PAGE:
Just placed my annual order with Hope Seeds, a small operation in Annapolis Royal, Nova Scotia that sells heirloom and open-pollinated seeds grown in Atlantic Canada. I’ve been buying from them for over a decade and like that I can buy small quantities. They will also often throw in a package of seed leftover from previous years for me to try, which is a pretty sweet bonus.
I had given up on growing garlic a few years ago as I never managed to get my act together to plant it in the fall, and spring-sown garlic just doesn’t do well in my yard. I was organized enough to place an order late last summer and chose a rocambole variety called Phillips. The bonus packet Hope Seeds chose to send with that garlic might well have been a coincidence, but I like to think someone just couldn’t resist the temptation to send this combo to me. Small really is better.
Our hens spend a lot of time roaming around our yard in the summer, and the little plants that pop up in the vegetable garden are very tempting treats. Stern warnings and pleading has not deterred those little eating machines, so some sort of physical barrier was in order.
I found some rolls of page wire in our woods a few years ago and dug them out last month. There were four sections, all basically sunk into to the the ground and firmly attached with tree roots. My best guess is that the original fence was built some time in the 1930s and could have been taken down after the 1960 West Prince Forest Fire when what had been farm fields was allowed to grow up into the forest that surrounds us now. The wire is old and rusty, kind of brittle, but good enough for what I need. It was easy to find enough small spruce trees that had blown over in the woods to make the fence posts and so I’m now putting my rickety fence together.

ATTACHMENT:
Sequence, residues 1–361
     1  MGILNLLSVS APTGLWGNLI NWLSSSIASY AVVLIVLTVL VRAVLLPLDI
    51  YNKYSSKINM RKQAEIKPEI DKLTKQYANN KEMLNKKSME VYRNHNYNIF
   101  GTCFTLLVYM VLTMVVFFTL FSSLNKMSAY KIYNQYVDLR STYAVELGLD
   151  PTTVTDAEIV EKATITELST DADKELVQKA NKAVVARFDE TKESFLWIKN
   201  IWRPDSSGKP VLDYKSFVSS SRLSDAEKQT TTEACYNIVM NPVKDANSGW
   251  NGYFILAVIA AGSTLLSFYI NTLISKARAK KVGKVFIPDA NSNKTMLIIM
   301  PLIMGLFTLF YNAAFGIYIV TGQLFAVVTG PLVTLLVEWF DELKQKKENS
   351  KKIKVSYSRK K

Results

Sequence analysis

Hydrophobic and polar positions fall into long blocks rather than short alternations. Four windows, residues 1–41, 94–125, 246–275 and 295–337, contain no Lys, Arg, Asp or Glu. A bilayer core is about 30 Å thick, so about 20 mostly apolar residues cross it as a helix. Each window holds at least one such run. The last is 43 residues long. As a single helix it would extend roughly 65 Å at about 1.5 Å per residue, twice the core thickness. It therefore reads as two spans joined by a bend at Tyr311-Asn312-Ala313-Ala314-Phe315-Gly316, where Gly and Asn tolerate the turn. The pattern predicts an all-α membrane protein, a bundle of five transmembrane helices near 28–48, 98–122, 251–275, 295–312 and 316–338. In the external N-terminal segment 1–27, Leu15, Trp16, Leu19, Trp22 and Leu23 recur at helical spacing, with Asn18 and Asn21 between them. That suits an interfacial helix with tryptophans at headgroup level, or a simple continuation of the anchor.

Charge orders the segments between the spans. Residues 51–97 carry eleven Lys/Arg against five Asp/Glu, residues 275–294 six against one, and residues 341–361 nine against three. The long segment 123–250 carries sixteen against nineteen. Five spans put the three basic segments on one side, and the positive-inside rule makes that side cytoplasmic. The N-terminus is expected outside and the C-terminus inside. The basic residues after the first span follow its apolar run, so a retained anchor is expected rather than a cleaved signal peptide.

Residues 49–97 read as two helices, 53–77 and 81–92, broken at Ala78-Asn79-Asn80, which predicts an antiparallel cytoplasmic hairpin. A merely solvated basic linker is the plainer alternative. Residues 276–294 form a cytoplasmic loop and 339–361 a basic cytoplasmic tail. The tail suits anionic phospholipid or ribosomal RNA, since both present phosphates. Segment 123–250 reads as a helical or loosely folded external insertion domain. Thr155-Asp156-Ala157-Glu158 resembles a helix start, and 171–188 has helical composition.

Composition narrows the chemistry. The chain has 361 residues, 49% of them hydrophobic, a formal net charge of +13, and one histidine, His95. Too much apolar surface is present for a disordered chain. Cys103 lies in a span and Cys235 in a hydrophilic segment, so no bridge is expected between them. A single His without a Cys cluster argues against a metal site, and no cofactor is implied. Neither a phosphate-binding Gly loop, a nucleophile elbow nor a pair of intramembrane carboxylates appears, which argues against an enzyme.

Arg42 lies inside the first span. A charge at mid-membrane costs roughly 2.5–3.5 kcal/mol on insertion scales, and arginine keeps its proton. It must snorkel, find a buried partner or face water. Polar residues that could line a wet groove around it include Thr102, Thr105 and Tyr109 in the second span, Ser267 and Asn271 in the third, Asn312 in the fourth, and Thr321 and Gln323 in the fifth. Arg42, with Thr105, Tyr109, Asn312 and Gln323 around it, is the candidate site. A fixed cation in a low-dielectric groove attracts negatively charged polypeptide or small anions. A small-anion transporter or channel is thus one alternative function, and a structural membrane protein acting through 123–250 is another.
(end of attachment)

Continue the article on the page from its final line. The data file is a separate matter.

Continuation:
The person who rolled up each length of fence made sure that it was well secured, the ends wound around to hold the roll together. I wonder who took the fence down and what they thought would happen to the page wire? I wonder what they would make of using page wire to keep hens out of a vegetable garden (I know the answer: it’s a dumb idea because chickens can go through page wire, which is really meant for cows and horses…I have a plan, though!).
The hooks all broke as I straightened them, but the fence is good enough, and I’m happy the wire is being used after decades of sitting and waiting for me to find a use for it.
Last week I found out just how much chickens LOVE hostas. For some reason they ignored them for the past four years, but this year have been nibbling the new shoots to the ground. I now have various pieces of chicken wire propped around what remains of the poor plants and will hope for the best.
Today while I was weeding and edging a flowerbed, older hens Anni-Frid and Agnetha stood by as ususal to eat any worms or insects I uncovered, but they also plucked the annoying black flies that encircled my head. I guess a few flat hostas in exchange for pest control is sort of worth it. Sort of.
For all the new bakers and gardeners out there, two useful hints I’ve learned over my time dabbling in both pursuits:
If you have planted more than one seed in a pot and only want one plant (think tomatoes and squash, not parsley or basil), snip the ones you don’t want with scissors rather than pulling them out. The roots of the little plants will often be intertwined and you’ll end up dislodging the one you want to keep as you tug out their potmates.
Your recipe probably won’t tell you this, but always sift cocoa that is going into cakes or brownies. Even the freshest cocoa clumps together, and those clumps are hard to break up once you incorporate wet ingredients.